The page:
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Nobody Wins With This 'Lottery Ticket'
Glenn Kenny, Special to MSN Movies

Perhaps in an alternate universe there exists an iteration of this movie that's as funny, engaging, wise, and heart-tugging as the one currently under review clearly wants to be. After all, in theory, a comedy in which the appealing one-time boy rapper Bow Wow plays a projects striver whose possession of a winning lottery ticket that he won't be able to cash in for a few days causes all sorts of comic complications, should not have had to be as all sorts of not-very-good that the version playing in our world is. But alas, despite the multiple available charms of its sprawling cast, "Lottery Ticket" is a film that's largely wealthy in incoherence, raising a smile one minute and a cringe the next, until it finally devolves into a "who-cares" cliché-fest.

The culprits include the script by Abdul Williams, from a story by Williams and the film's director, Erik White, the charges against whom will be specified in a little bit. The scenario has young Kevin Carson (Bow Wow) an enterprising kid who works hard and eschews games of chance ("The lottery is designed to keep people poor by selling them false dreams," he pronounces early on), giving in and buying one ticket to a multiple-hundreds-of-millions lottery drawing. And of course that one ticket hits, only it hits on Fourth of July weekend. During which the local lottery office is closed for the holiday, which means Kevin has to duck new fake friends (and gold-digging would-be girlfriends), mean local hoods, and slick upscale criminals until he can bring this ship safely into port, provide for his feisty grandmother, and "give back" to his struggling African-American community. Now I'm usually one of the last people to complain about plausibility as it's defined in its most prosaic sense -- I say let a storyteller have his imaginative head -- but really. The notion that in our media-saturated, money-mad age, the holder of a $300-million-plus winning lottery ticket would be obliged to cool his heels in obscurity until a representative from a local government bureaucracy or some such could be put back to work, or something like that, is rather patently ridiculous. It'd be something less so had the film displayed any aspirations to function as a fable, but no. It's a really weak premise that the filmmakers merely assume you're going to buy. And you might ... again, under different circumstances. But director White, who's a veteran of music videos, seems not to be capable of making a film.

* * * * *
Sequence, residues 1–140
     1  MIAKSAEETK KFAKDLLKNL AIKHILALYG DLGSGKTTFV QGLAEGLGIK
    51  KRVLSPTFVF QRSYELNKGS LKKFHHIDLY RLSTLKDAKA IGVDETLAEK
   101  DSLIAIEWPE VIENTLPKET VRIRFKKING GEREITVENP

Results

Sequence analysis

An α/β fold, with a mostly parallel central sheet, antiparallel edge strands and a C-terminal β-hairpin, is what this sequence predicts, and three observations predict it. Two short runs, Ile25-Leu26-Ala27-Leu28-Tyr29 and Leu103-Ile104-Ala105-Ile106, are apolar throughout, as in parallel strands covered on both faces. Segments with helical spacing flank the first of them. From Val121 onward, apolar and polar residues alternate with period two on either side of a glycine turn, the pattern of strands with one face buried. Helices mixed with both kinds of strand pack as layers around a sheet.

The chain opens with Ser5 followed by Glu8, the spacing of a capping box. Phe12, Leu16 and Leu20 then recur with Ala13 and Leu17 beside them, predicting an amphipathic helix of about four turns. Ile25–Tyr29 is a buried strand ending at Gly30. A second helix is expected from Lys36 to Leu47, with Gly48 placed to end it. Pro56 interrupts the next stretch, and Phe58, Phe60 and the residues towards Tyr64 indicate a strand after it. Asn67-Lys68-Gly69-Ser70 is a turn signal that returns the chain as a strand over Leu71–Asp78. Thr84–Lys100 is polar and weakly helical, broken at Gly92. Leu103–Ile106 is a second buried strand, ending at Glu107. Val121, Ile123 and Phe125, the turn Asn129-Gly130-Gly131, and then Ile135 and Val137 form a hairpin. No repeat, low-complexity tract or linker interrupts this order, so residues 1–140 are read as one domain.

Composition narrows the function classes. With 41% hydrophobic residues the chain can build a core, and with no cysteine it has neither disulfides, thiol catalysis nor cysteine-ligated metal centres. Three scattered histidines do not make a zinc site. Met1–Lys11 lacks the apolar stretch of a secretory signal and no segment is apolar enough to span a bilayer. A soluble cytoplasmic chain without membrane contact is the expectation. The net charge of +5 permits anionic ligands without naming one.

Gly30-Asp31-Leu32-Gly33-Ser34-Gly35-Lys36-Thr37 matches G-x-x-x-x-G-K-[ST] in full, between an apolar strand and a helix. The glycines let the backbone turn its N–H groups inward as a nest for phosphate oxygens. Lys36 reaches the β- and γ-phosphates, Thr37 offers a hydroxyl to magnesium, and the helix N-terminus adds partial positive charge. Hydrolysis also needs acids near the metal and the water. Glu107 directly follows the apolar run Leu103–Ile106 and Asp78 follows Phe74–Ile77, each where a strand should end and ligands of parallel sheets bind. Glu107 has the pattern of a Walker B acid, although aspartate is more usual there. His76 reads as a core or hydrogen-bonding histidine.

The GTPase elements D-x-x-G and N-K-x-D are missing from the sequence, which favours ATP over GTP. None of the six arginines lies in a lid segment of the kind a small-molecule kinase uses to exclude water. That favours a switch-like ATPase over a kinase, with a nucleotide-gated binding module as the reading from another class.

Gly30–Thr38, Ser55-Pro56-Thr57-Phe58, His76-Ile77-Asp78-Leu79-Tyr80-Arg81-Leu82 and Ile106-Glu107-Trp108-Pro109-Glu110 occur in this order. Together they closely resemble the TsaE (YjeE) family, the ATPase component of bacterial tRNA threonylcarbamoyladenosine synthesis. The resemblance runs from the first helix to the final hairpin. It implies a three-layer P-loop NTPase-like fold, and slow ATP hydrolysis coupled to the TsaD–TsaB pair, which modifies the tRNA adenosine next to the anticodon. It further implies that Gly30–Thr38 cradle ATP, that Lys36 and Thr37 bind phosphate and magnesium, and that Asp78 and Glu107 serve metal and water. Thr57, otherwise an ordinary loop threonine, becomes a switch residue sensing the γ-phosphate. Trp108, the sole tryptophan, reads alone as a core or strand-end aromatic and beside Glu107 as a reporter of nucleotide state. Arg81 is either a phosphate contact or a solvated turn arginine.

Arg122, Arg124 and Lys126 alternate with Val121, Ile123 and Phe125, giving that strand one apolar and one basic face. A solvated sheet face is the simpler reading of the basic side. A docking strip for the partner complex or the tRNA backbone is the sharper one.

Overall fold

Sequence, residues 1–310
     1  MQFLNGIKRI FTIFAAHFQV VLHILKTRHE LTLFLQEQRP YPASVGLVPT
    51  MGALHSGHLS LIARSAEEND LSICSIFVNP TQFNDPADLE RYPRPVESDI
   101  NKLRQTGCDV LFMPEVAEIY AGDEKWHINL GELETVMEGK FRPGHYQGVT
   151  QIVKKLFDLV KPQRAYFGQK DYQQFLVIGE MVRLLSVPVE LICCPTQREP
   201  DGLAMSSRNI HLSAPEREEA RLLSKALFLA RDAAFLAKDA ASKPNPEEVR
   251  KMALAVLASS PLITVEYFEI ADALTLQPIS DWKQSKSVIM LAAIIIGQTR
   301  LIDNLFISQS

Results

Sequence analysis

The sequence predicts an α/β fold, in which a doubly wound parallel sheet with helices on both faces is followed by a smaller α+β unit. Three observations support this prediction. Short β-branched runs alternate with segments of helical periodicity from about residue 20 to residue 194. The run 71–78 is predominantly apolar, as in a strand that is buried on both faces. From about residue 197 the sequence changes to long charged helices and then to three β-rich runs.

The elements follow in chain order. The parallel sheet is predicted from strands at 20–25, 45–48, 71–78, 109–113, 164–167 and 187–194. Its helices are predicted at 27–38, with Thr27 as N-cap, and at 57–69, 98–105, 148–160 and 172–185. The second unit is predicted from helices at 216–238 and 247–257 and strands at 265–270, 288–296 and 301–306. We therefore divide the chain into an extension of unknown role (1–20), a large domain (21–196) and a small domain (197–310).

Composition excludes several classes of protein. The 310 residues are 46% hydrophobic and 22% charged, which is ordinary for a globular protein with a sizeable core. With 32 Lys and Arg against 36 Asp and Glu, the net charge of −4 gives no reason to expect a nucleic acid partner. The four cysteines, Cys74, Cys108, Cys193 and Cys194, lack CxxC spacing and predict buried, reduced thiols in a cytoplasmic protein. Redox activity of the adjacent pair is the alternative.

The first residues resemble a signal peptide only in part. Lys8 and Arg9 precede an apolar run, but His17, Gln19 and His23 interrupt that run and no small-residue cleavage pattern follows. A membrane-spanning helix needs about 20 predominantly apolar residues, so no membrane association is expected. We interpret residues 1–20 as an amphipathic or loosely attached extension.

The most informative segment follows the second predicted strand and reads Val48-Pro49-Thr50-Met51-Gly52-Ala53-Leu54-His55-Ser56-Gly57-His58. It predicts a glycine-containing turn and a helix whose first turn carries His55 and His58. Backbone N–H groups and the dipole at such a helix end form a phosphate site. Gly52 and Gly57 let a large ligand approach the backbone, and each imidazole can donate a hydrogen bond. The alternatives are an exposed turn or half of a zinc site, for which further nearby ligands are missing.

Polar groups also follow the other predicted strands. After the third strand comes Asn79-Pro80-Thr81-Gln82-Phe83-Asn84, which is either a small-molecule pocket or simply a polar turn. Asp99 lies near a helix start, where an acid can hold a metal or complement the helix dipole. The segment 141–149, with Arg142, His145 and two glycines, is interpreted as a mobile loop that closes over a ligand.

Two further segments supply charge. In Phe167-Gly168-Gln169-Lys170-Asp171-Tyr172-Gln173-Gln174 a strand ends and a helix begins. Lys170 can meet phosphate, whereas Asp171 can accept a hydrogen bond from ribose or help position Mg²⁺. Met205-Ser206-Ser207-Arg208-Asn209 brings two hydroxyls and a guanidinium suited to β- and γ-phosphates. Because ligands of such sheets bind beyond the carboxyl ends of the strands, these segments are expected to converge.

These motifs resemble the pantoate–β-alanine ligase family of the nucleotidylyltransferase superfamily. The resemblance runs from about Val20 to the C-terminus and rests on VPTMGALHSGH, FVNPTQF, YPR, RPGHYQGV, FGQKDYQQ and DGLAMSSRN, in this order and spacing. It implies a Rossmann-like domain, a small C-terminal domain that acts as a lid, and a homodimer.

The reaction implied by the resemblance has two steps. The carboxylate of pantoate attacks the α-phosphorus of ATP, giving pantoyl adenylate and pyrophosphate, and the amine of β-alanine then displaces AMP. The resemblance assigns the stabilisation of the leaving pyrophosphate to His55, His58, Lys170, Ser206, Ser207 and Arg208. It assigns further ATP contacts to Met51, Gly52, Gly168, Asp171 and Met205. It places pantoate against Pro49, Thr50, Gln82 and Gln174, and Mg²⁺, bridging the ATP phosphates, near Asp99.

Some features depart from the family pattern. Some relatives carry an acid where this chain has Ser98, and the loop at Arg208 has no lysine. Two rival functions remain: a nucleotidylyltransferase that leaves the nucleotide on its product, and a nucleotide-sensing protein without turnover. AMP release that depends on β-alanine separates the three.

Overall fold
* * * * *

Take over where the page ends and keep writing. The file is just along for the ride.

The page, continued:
I kind of mean that literally. Despite his and cinematographer Patrick Cady's fondness for ghetto-lyrical shots like the silhouette of sneakers hanging from a phone line at dusk (and this image does look nice, as do other such compositions), the actual rudiments of competent film storytelling seem beyond White's grasp. Simple dialogue scenes are riff with mismatched reverse shots. Amiable exchanges have their flows stampeded by the encroachment of a stray beat that wants to be wildly comical -- a blare of sassy hip-hop accompanying a shot of a fine young thang's butt, say -- coming out of almost literally nowhere. And failing at being wildly comical. And so on. At first one might think, "Well, there are some literal gaffes and a few bad judgments happening," but the ineptitude turns out to be one of the film's few constants.